The amendments in the IBBI regulations will prevent backdoor entry of former promoters in companies under liquidation by covering the "loopholes" in the law and are in line with the objective of the Insolvency and Bankruptcy Code (IBC), experts said.
The Insolvency and Bankruptcy Board of India (IBBI) has amended the Insolvency and Bankruptcy Board of India (Insolvency Resolution Process for Corporate Persons) Regulations, 2016 and the Insolvency and Bankruptcy Board of India (Liquidation Process) Regulations, 2016.
Under the amendments introduced to the liquidation process regulations, persons who were ineligible are now barred from being part of any compromise or arrangement at the stage of liquidation.
Furthermore, a secured creditor who chooses to sell secured assets independently also cannot sell the same to a person who is ineligible under the IBC.
"This has been introduced to specifically overrule the decisions passed by some NCLTs, whereby it was held that no bar operated on the sale of secured assets to the ex-promoters of the Corporate Debtor, if such sale is carried out by a secured creditor under Section 52 of the IBC," said Punit Dutt Tyagi, Executive Partner, Lakshmikumaran and Sridharan Attorneys.
Rachit Sharma, DGM, Taxmann said the new amendment to IBC norms restricts secured creditors from selling or transferring assets of a liquidating - company to any person who is not eligible to submit an insolvency resolution plan.
"With the new amendment, the legislature has not left any loophole which could allow the ex-promoters and other ineligible persons to buy the stressed asset or even participate in a scheme of arrangement," he said.
According to him, the law makers' intent are very clear, not only does the law bar the ex-promoters from participation under the Code, it now goes on to bar sale outside liquidation process also.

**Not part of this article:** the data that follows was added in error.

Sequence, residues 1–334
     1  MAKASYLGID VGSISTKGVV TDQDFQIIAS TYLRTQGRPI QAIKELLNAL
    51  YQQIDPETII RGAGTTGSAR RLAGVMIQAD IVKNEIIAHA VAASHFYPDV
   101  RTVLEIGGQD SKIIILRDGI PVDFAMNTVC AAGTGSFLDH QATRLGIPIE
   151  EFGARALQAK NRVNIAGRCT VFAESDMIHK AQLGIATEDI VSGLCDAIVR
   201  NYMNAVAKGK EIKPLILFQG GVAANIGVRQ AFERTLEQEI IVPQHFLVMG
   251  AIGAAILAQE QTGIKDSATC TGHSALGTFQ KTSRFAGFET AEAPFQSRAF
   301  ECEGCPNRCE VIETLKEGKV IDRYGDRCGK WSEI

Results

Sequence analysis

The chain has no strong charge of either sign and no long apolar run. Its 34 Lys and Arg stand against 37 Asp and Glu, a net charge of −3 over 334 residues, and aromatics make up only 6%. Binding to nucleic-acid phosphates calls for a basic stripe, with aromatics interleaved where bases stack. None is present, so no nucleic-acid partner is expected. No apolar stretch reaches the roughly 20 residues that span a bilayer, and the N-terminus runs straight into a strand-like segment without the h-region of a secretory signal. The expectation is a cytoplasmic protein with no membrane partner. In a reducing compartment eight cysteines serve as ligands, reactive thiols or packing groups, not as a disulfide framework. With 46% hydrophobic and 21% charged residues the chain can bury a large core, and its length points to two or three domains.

The amendment is in line with the intent of the Section 29A of Code preventing any sort of re-entry of ex-promoters at any point of resolution/liquidation process, he said.
Another legal expert, L Viswanathan, Partner, Cyril Amarchand Mangaldas, said the changes in the regulations "is in line with the objective of the IBC" to disallow persons who are disqualified from submitting a resolution plan from re-acquiring the company through the mechanism of a scheme or in enforcement of security interests by secured creditors.
In fact, the amendment goes further to provide that such persons "shall not be a party in any manner to such compromise or arrangement thereby even possibly disenfranchising such persons also from being eligible to vote as members on any scheme of compromise or arrangement," Viswanathan said.
Mehul Bheda, Partner, Dhruva Advisors LLP was of the opinion that the amendments have been introduced to bring liquidation on par with the resolution process.
The restrictions placed on the promoters under Section 29A of the code are now equally applicable to liquidation.
"This means that no promoter, who is barred from the resolution process, can make a backdoor entry by buying the assets of the company under liquidation or even participating in a scheme of arrangement under Section 230," Bheda added.
The IBC is the bankruptcy law which seeks to consolidate the existing framework by creating a single law for insolvency and bankruptcy.